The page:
This handy guide takes you through everything you need to know about warm-ups and cool-downs in order to maximize your performance, minimize injuries, and recover as best as possible from your workouts. We’ll be looking at exactly what you should do as well as how to make it specific to your training.
What is the purpose of a warm-up?
The purpose of a warm-up is simple: To prepare your body for the training it is about to do.
How should I prepare my body for training?
There are a few things you need to do:
1. Get your body warmer and promote blood flow to your muscles.
2. Mobilize your joints and promote the production of synovial fluid (a substance which helps to reduce friction between cartilage).
3. Activate your central nervous system – or rather, remind it of the movements expected.
The first two of these are accomplished through a general warm-up, whereas the last is better achieved via a specific warm-up.
The first part of your warm-up should be general in nature. You can start with anything that gets you warmer and gets your heart rate up a little. Some examples include:
- fast-paced walking
- light jogging
- using the rowing machine
- using the cross-trainer machine
- light cycling
This doesn’t need to be anything fancy. Keep it simple and perform the exercise for 2 to 3 minutes.
Next up, I recommend performing some basic joint rotations, ideally focusing on the joints most likely to be involved in the training you’re about to do. So if you’re about to do some squats, then you should definitely spend some time rotating your hips, knees, and ankles. Alternatively, if you’re about to tackle some bench presses, you should concentrate on rotating your shoulders and moving your elbows.
What you’re aiming to do is encourage the build-up of synovial fluid in your joints. This is a fluid that essentially acts as a lubricant or oil for your joints, helping to keep them moving freely and reducing friction.
For the sake of simplicity, I usually rotate or move all my major joints from head to toe. This takes between 3 and 5 minutes.
Now that your general warm-up is complete, your body is ready for most forms of exercise. However, it doesn’t yet know what type of exercise you want it to do. This is where the specific warm-up comes in.
To cut a long story short, a specific warm-up is simply performing the exercise you’re going to be doing, but at a lighter intensity. Here are some examples.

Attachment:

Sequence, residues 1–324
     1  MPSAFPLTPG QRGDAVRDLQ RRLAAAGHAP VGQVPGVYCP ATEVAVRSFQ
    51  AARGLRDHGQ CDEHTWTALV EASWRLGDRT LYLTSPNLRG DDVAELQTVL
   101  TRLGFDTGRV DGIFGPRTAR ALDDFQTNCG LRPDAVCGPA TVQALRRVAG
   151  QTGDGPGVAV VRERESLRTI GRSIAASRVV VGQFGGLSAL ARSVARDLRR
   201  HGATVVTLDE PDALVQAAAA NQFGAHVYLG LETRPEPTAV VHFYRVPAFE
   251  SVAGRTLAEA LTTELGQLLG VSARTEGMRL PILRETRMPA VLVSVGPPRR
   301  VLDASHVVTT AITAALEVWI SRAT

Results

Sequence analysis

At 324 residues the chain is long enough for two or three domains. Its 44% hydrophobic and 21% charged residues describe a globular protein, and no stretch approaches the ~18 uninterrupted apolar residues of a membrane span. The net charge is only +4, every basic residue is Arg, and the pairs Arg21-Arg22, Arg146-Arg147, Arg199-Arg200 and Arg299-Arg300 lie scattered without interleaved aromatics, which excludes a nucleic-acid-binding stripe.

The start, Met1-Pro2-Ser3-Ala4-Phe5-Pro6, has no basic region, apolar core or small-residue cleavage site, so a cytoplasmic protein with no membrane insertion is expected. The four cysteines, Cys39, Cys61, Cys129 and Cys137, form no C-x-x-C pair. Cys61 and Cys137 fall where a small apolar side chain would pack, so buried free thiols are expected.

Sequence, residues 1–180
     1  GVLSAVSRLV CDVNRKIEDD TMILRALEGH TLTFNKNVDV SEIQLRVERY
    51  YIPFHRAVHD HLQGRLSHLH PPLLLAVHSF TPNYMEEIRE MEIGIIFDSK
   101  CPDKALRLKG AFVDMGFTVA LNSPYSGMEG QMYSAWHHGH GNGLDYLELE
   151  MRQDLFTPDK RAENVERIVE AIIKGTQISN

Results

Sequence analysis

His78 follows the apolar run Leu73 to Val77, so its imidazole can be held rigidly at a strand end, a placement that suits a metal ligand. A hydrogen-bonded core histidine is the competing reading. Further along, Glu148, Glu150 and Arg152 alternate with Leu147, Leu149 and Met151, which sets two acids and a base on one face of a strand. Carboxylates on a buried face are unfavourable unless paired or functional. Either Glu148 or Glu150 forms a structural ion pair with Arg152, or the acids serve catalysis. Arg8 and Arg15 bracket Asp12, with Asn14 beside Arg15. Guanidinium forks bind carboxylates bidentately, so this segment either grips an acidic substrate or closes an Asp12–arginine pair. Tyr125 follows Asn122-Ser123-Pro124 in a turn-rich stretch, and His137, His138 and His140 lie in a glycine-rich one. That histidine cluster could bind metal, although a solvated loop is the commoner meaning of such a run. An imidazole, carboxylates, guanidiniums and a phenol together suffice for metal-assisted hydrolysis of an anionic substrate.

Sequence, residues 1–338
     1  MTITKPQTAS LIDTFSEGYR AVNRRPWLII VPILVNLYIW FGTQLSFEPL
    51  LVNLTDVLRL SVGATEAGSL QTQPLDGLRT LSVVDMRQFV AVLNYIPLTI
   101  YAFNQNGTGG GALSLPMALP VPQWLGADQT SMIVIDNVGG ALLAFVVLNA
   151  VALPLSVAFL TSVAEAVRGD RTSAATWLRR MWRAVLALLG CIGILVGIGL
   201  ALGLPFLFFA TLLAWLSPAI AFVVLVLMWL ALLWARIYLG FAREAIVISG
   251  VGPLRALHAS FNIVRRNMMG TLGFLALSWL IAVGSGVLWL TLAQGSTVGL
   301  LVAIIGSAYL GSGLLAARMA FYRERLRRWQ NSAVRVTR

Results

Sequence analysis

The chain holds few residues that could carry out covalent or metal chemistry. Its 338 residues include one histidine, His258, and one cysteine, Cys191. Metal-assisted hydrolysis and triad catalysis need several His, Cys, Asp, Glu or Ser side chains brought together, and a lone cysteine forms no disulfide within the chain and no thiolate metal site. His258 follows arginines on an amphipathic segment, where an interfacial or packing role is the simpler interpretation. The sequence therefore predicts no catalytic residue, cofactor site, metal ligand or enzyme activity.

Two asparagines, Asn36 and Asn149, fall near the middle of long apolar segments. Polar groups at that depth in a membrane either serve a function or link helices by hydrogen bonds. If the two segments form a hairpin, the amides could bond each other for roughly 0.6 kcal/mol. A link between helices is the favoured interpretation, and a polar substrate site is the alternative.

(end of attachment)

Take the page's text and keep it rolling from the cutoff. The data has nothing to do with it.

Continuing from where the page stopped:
If you’re going to be squatting, you should spend a few minutes performing some squats with a light or empty barbell.
If you’re about to do some sprints, you should perform some lighter sprints at 50–70% of your normal speed.
If you’re about to do some bench presses, you should perform some reps with the bar only or with a light weight.
You should do this because it primes your central nervous system, which is a fancy way of saying that it tells your body what you want it to do. This gives your brain time to coordinate your muscles and optimize your movements.
What about after training? All about the cool-down
If you’ve been training for a while, then you’ve probably heard about the idea of a cool-down. Common logic would seem to say that performing a cool-down in the form of light cardio for ten minutes or so can help to alleviate muscle soreness and speed up recovery.
But common logic is wrong.
There’s no solid evidence to suggest that a cool-down has any real benefits regarding recovery or muscle soreness.
Don’t get me wrong, a cool-down can help to lower a raised heart rate. It may also help to prevent the build-up of blood in your veins, thus preventing dizziness, so if you tend to get dizzy after your workouts, cool-downs might help. Just remember that your cool-down doesn’t have to be anything fancy. A simple 2 to 3 minutes of walking or stretching should be enough.
Should you stretch afterwards?
I’m going to make this one quick and simple. You only need to stretch after your workout if you participate in a sport or activity that requires more flexibility than you currently have.
So if you’ve started weightlifting but you can’t overhead squat, it would be useful to spend some time stretching your ankles, hips, thoracic spine, and shoulders. Similarly, if you’re a gymnast that needs to perform the splits, then you should get stretching your hips, adductors, and hamstrings.
You do not need to stretch if:
- your training or sport doesn’t require it, or
- you’re already flexible enough to perform your sport.
To continue with weightlifting as an example, once you’ve achieved a comfortable overhead squat, you have adequate flexibility. This mobility will be maintained simply by performing the overhead squat, so you don’t need to perform any extra stretching.
Just to be absolutely clear, stretching does not help your recovery.
A summary for you
To warm up:
- 2–3 minutes of light movements that raise your heart rate.
- 3–5 minutes of mobility-based movements such as joint rotations.
- 3–5 minutes of sport- or training-specific movements.
You’ll notice that this means you’ll be warming up for between 8 minutes and 13 minutes. If you’re an older athlete, you might need a little longer; if you’re a young athlete, you might need a little less. Generally, though, your warm-up should take about this long. Super-long thirty-minute warm-ups accomplish nothing extra and waste your time. Very short or non-existent warm-ups will lead to performance reductions and potentially more pain after your workout.
To cool down:
Lightly walk or move around for a couple of minutes if you find it helps. Similarly, feel free to stretch for a few minutes if you like it and it’s necessary for your sport.
Whether you do or don’t, it won’t make a huge difference, so don’t stress about it.
And that, quite simply, is the best current understanding we have of warm-ups and cool-downs. If anything changes, we’ll keep you updated, but for now, go and get training.
Have you been warming up correctly?